Step 2: Evaluate opportunities

Asking QuestionsEvaluating means asking some questions. The first question the new-club team should answer is “where?” followed closely by “who?”

Discuss potential sites.
Begin with a list of potential communities that could benefit from a new Kiwanis club. Members of the new-club-building team should visit the prospective communities to determine whether they can support a new club.

Focus on the needs of the targeted communities and the service impact a new Kiwanis club can have in the community. Evaluate sources for potential members—chamber of commerce, local businesses, churches and school PTOs.

Use the site selection worksheet to collect this information.


Conduct the site survey/community analysis.

The purpose of the site survey is to continue to evaluate the needs of the community and gauge support for the decision to form a new club there. This stage will help the new club “till the soil” and discover more names of potential members.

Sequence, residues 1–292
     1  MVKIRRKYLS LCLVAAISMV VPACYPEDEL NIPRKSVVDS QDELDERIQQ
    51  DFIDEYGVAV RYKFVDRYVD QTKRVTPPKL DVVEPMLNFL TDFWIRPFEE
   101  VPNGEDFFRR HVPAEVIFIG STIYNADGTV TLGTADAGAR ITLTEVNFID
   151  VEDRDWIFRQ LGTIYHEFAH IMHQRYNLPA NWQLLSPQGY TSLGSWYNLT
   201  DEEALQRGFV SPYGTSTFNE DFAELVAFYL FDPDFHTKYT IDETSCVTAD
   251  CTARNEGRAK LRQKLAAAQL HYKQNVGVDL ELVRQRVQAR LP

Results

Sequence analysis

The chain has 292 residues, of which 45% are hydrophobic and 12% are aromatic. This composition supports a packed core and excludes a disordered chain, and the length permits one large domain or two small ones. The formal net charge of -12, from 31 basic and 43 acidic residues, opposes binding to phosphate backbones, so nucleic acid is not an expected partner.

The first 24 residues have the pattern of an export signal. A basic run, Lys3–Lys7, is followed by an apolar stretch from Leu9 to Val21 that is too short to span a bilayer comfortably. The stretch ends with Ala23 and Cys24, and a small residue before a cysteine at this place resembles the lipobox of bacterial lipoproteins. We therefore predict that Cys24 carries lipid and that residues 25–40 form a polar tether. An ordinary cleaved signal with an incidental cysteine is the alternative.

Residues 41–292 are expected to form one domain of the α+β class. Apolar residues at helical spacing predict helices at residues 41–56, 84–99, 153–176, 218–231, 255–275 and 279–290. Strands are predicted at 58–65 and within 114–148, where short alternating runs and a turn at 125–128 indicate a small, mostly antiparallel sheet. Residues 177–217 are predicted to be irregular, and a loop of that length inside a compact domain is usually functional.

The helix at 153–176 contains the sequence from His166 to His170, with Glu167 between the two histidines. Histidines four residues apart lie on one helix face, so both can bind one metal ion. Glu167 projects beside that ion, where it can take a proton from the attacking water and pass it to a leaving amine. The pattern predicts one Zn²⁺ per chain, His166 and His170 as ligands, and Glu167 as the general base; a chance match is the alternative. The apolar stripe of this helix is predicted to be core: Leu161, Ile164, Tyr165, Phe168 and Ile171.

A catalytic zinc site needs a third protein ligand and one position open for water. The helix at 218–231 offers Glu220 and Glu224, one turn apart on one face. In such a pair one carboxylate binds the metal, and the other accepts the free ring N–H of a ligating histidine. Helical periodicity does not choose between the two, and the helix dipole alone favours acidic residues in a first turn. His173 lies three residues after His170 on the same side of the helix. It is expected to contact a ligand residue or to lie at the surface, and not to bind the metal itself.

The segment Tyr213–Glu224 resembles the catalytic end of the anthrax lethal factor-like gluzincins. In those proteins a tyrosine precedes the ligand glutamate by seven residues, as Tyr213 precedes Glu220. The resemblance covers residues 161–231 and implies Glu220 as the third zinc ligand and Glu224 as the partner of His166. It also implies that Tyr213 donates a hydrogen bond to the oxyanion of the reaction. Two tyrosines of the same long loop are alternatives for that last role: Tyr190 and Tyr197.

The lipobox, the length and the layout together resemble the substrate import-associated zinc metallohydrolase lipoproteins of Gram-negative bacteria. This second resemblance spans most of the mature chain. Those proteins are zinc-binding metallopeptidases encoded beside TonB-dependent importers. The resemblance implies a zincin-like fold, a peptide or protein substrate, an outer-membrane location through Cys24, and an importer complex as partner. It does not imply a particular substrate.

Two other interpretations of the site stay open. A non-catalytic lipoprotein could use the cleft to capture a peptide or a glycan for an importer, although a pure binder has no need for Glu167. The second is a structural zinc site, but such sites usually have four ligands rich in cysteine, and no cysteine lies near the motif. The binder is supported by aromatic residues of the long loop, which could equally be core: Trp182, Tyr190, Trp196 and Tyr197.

Invite members of your team and the sponsoring club to participate. These should be the members who can put their best foot forward and communicate the benefits of membership and answer the “what’s in it for the community?” question.


Summarize your findings.

Use the case for a new club to document potential service projects uncovered in your evaluations.

Ready for step 3: Connect to the community.